Sept Visions Brèves de la Vie des Ressuscités - Seven Brief Visions of the Life of the Resurrected
Subtilité des Corps Glorieux - The Subtleness of the Glorified Bodies
Les Eaux de la Grce - The Waters of Grace
L’Ange aux Parfums - The Angel of the Incense
Combat de la Mort et de la Vie - The Struggle Between Death and Life
Force et Agilité des Corps Glorieux - The Power and Agility of the Glorified Bodies
Joie et Clarté des Corps Glorieux - The Joy and Radiance of the Glorified Bodies
Le Mystère de la Sainte Trinité - The Mystery of the Holy Trinity
Choral No. 1 in E major César Franck
Total playing time 70m 47s
Olivier Eugène Prosper Charles Messiaen was born on 10th December, 1908, in Avignon, France. He was the son of Shakespearean scholar Pierre Messiaen and poet Cécile Sauvage, and as such was destined to become one of the most influential composers of the twentieth century.
His musical genius manifested itself at an early age. He was ten years old when he received a score of Debussy’s Pelléas et Mélisande, and was profoundly affected. He knew then that he was meant to be a composer. He began studying at the Paris Conservatoire at the remarkably young age of 11, and continued his formal training there until 1930. Among his famous professors were Dukas and Dupré. His first published works Le Banquet Céleste (The Heavenly Banquet) for organ in 1928 and the Eight Preludes for Piano in 1929, already displayed his interest and influence of ancient Greek modes and the meters of Greek verse.
Though his parents were not religious, Messiaen claimed that he was “born a believer”. His faith was the cornerstone of his life. He gave his playing and his prodigious output of compositions to the glory of God. The Nativity, the Transfiguration of our Lord, the Resurrection, the Ascension of Jesus Christ and the hope of mankind in the afterlife were the religious themes to which he was most attracted.
He also had a passion for the natural world that God had made, particularly for birds, which he claimed to be “the finest musicians on the planet”. Many of his works are dedicated to reproducing the unique songs of birds. Along with the aforementioned birds and ancient modes, he was influenced by the music of India, as catalogued in Sanskrit writings on melodic shapes and rhythms, and Asian music and form, particularly from Japan. He incorporated all of these elements into his compositions. In short, he created a unique musical language using these influences, which can be appreciated in his chromatic modal scales, rich textures, and striking use of rhythm.
One of the most unusual aspects of his music was his perception and use of colour. Messiaen had a rare neurological “gift” called synesthesia, which is the blending of two different senses. The majority of synesthetes describe seeing colours that correspond to letters and numbers, but Messiaen saw colours that corresponded to music. He used this ability to compose sounds just as a painter uses paint to produce pictures. He said, “I think (and see) complexes of sound that correspond to complexes of colours. A complex of ten or twelve sounds, for example, may correspond to a red flecked with violet with orange streaks…the same sound complex always engenders the same colour complex, which is reproduced in lighter shades in high octaves and in darker shades in low octaves. But if the sound complex is transposed by a semitone, one tone, a third, a fourth, or a fifth, the colours change.” This phenomenon of synesthesia is actively being studied in many Universities, including an ongoing study at the University of Waterloo in Ontario.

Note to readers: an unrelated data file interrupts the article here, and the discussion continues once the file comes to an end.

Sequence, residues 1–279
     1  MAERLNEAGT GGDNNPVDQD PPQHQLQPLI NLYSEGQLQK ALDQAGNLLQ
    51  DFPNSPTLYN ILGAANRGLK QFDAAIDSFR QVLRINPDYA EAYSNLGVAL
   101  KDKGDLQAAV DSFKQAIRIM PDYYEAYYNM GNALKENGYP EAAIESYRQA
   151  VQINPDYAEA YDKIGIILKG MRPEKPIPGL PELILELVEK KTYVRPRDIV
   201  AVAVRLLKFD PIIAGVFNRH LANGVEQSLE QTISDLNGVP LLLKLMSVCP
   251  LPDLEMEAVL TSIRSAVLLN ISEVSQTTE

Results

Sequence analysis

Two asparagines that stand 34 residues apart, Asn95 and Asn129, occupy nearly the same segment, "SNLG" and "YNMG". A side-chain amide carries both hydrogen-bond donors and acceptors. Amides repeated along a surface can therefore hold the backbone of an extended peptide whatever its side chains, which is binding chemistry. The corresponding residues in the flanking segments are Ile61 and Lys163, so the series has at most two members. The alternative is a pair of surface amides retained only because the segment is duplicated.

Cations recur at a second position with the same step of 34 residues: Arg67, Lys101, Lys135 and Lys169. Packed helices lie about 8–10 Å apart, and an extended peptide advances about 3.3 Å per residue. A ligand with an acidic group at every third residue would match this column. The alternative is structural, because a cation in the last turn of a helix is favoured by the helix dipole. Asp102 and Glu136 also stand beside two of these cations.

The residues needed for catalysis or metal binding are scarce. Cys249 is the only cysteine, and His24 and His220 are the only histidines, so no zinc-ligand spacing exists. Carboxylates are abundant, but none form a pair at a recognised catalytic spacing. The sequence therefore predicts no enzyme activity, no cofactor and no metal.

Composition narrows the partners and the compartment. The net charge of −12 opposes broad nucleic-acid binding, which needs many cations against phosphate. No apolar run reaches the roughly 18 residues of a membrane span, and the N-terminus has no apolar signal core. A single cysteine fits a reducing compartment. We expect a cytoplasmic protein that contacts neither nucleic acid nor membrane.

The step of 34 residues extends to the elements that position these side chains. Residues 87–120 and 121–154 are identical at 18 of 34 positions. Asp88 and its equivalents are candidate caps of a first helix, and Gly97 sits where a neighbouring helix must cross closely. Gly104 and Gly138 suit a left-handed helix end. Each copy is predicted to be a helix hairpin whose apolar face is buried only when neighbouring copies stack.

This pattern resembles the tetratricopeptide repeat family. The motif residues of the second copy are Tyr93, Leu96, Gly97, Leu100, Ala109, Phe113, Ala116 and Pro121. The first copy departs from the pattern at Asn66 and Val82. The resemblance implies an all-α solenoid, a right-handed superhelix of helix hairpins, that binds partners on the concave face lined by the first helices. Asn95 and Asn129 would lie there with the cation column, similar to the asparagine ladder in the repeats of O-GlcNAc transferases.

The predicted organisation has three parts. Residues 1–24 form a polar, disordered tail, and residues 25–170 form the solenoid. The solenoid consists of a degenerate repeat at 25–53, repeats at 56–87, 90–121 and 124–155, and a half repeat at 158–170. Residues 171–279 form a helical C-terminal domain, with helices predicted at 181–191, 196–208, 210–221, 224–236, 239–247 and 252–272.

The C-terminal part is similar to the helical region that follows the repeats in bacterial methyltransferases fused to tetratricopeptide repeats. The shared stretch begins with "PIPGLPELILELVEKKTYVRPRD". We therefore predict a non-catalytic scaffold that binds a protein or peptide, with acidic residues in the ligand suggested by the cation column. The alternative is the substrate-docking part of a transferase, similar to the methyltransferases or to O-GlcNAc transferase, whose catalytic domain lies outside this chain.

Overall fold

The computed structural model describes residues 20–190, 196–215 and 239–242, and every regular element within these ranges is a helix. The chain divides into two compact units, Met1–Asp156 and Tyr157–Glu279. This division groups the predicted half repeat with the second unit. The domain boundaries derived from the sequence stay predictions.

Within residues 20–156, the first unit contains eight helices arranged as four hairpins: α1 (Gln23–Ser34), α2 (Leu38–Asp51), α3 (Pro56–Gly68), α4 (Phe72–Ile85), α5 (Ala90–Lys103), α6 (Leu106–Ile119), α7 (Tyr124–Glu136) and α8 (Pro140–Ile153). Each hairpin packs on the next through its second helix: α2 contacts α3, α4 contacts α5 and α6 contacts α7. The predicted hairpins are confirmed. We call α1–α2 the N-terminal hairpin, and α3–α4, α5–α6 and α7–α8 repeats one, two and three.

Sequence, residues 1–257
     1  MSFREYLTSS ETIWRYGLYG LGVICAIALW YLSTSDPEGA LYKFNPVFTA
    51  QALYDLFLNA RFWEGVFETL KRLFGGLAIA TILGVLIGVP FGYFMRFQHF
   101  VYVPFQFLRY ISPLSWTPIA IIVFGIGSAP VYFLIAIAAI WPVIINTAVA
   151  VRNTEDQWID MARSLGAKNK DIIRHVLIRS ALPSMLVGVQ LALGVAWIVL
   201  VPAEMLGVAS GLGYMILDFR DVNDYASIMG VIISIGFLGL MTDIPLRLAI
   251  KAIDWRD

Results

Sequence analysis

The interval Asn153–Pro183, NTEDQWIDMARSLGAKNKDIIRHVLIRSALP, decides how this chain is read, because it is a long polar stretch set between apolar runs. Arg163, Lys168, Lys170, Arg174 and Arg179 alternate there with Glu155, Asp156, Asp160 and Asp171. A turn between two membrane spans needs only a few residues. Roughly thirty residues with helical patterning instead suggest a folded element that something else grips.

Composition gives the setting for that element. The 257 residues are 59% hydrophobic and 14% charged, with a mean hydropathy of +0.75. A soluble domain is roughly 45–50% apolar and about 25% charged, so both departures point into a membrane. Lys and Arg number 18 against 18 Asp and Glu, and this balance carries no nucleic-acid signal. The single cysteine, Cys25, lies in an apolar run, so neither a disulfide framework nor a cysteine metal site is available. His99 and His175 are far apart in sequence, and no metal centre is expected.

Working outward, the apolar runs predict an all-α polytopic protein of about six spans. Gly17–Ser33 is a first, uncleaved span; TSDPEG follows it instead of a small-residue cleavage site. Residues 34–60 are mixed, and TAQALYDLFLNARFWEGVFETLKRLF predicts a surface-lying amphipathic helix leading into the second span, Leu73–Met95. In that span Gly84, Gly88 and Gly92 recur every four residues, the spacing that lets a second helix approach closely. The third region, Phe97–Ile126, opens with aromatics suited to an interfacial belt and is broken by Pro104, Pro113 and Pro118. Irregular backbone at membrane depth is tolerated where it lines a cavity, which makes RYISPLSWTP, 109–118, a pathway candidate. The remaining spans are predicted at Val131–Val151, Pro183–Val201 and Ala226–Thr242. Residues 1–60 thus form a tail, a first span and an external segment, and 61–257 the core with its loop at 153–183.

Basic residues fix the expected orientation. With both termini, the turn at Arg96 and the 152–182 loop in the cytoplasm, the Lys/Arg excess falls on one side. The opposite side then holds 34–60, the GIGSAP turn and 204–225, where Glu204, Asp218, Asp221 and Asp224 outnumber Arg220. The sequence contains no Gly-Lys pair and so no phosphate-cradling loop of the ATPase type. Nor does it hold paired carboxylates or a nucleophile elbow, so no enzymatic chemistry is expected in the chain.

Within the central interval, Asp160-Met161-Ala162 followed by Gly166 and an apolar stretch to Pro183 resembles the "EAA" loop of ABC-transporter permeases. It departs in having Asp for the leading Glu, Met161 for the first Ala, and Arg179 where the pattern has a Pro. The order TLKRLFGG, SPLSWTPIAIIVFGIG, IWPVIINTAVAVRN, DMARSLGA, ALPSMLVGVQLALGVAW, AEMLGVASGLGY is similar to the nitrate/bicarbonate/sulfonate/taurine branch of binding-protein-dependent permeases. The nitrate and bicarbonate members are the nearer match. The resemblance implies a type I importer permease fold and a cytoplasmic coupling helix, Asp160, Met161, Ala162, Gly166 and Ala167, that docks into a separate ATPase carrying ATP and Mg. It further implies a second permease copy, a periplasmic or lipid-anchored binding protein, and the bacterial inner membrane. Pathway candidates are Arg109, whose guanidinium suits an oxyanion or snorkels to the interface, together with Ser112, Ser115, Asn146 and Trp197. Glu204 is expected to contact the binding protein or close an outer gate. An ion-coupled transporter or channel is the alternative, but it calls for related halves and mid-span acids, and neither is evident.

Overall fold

At the age of twenty-two he finished his studies at the Conservatoire, and was appointed Titular Organist for La Sainte Trinité (Holy Trinity) in Paris, a position which he held for life. This Church houses a magnificent Cavaillé-Coll organ which, constructed in the French tradition, was created to reproduce symphonic sound. He composed many pieces specifically for this organ including Les Corps Glorieux (The Glorified Bodies), heard on this recording.
After his marriage in 1934 to violinist Claire Delbos, he wrote pieces expressing a new theme, the joy of family, such as Poèmes Pour Mi (Poems for Mi), Mi being his pet name for Claire, and Chants de Terre et de Ciel (Songs of Earth and Heaven), written after the birth of their son Pascal in 1937.
In 1939 he served in the military and was captured and became a prisoner of war in Silesia, Germany. His Quatuor pour la Fin du Temps (Quartet for the End of Time) was written in the prison camp for the unlikely but available combination of clarinet, violin, piano and cello. It was first performed for 5000 prisoners and guards. It is probably still his best-known work.
Upon his repatriation to France, he began a long teaching career at the Paris Conservatoire where his classes in composition, theory and analysis had a great influence on many, including Stockhausen, Xenakis, Boulez, George Benjamin and Yvonne Loriod. Unfortunately, tragedy befell him when his wife became gravely ill and completely lost her memory following an operation. She died in 1959 after many years in a sanatorium.